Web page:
An article published in September issue of the Journal of Patient Safety estimates there are between 210,000 and 400,000 deaths per year associated with medical errors. This makes medical errors the third leading cause of deaths in the United States, behind that comes heart disease and cancer. To prevent medical errors always follow the Three Checks and most importantly the Rights of Medication Administration. The “Rights of Medication Administration” helps to ensure accuracy when administering medication to a patient. When administering medication the administer should ensure they have the Right Medication, Right Patient, Right Dosage, Right Route, Right Time, Right Route, Right Reason, and Right Documentation. Also remember the patient has the right to refuse, assess patient for pain, and always assess the patient for signs of effects.

Medication administration is not just giving medicine to a patient; it also involves observation of how the patient responds to the drug after administration. As a nurse or health professional we’re trained to know medication effects. Knowing how medication move through the body and what effects the medication has or what adverse effects may occur is most important when preventing medication errors. Medication mishaps can occur anywhere in the distribution system such as monitoring, administering, dispensing, repacking, or prescribing. The most common cause of errors occur when administering a drug happens when there is poor communication, problems reading directions, medical abbreviations or hand writing misunderstood, poor procedures or teachings, job stress (most common), and lack of product knowledge.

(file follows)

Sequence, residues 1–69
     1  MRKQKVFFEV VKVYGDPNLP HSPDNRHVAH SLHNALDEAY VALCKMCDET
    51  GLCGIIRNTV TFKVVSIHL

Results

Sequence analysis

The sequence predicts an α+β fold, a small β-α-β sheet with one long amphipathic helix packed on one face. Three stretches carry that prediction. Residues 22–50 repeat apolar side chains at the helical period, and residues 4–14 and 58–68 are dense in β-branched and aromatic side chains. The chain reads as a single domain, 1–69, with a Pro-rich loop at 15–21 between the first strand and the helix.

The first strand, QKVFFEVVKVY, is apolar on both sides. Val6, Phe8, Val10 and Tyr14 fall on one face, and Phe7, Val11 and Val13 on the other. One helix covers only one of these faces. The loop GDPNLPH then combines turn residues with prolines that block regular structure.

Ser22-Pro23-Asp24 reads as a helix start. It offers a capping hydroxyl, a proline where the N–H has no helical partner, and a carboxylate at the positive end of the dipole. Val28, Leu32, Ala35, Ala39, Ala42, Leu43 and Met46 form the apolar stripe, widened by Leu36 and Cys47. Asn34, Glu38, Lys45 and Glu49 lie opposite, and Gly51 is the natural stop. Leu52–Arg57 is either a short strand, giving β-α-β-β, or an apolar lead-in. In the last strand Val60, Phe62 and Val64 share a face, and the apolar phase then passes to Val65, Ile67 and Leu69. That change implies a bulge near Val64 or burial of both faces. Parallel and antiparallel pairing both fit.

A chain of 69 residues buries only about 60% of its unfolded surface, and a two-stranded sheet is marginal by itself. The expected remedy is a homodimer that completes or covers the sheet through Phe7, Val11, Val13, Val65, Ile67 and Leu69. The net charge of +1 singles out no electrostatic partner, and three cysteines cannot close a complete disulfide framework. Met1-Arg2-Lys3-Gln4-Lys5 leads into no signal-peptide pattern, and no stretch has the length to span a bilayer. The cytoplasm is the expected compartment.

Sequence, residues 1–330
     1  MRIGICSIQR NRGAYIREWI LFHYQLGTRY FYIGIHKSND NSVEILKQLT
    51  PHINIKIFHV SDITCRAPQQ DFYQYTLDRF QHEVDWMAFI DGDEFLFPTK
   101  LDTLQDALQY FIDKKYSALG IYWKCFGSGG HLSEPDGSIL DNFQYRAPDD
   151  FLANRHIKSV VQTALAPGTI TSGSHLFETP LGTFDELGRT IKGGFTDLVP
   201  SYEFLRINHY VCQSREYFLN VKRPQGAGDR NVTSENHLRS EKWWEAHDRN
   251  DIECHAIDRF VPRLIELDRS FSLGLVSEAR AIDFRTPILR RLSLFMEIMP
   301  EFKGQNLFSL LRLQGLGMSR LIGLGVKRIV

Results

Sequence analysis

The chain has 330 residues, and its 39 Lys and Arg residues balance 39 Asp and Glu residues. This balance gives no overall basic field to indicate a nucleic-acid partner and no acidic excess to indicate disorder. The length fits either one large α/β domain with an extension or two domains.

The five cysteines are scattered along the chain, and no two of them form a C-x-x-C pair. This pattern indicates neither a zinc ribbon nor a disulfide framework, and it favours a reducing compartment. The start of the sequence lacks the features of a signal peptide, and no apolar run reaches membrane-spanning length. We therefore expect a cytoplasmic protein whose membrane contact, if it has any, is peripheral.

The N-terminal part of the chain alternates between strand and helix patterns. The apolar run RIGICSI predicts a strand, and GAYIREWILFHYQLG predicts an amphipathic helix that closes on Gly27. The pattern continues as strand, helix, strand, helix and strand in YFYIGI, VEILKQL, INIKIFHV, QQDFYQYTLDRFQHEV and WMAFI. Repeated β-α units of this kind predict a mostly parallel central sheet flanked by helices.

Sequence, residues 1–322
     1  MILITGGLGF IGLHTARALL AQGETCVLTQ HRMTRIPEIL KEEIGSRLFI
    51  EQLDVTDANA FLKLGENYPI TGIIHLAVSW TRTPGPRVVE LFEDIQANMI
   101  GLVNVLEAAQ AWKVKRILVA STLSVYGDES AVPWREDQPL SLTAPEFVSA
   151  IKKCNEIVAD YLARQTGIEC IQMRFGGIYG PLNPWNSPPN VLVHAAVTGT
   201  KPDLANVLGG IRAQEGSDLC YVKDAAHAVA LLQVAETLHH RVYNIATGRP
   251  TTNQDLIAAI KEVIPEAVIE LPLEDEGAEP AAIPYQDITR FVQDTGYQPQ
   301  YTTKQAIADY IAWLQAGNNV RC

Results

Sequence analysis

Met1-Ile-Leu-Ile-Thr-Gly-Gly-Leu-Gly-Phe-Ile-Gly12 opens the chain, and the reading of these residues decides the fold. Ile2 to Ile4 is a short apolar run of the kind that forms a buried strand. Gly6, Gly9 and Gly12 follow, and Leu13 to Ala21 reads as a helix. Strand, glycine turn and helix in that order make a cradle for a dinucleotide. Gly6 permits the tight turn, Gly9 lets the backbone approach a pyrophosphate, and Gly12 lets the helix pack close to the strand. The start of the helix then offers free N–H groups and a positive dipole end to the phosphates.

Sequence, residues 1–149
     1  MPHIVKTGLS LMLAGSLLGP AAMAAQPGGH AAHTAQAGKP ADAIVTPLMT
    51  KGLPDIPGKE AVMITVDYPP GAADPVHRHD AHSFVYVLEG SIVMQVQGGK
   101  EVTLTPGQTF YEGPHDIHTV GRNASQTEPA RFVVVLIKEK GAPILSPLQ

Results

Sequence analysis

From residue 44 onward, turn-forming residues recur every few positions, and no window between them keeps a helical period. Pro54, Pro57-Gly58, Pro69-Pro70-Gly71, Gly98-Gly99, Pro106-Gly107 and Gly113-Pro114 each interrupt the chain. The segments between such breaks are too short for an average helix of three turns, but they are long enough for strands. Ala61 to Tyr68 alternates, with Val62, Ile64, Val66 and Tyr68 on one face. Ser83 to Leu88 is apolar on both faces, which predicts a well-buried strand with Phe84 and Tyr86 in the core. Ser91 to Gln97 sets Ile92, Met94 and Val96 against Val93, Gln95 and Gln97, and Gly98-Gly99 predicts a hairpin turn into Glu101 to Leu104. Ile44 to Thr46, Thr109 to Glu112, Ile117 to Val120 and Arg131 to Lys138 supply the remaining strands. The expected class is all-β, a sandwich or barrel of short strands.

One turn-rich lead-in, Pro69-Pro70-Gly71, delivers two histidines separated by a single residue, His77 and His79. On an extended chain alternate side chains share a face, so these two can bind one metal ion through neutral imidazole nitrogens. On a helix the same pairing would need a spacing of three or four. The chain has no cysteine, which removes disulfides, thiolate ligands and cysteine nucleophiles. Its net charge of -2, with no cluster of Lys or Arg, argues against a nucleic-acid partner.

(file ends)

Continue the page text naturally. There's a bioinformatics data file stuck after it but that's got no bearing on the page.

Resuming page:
It is difficult to reduce or eliminate medication errors completely when information is absent, inaccurate, contradictory, or simply not reported. It is not exact that every medication error will cause harm, but think about the undetected errors that will. The undetected errors administering medication makes assessing the effectiveness of medications errors challenging and hard to prevent. Any nurse that has made a drug error knows how stressful the situation can be. The increasing demands and the amount of patients during work load can increase the chances to drug errors. Being overworked can affect concentration and competence, which can be exacerbated by erratic working hours and stress, while complacency can also lead to mistakes. While nurse fatigue is commonly cited caused of drug errors, others include illegible physicians’ handwriting. Drug errors also miscalculations, over-dosing and under-dosing. Checking calculations and identifying any shortfall in your knowledge is a qualified ensures to keep from making a mistake.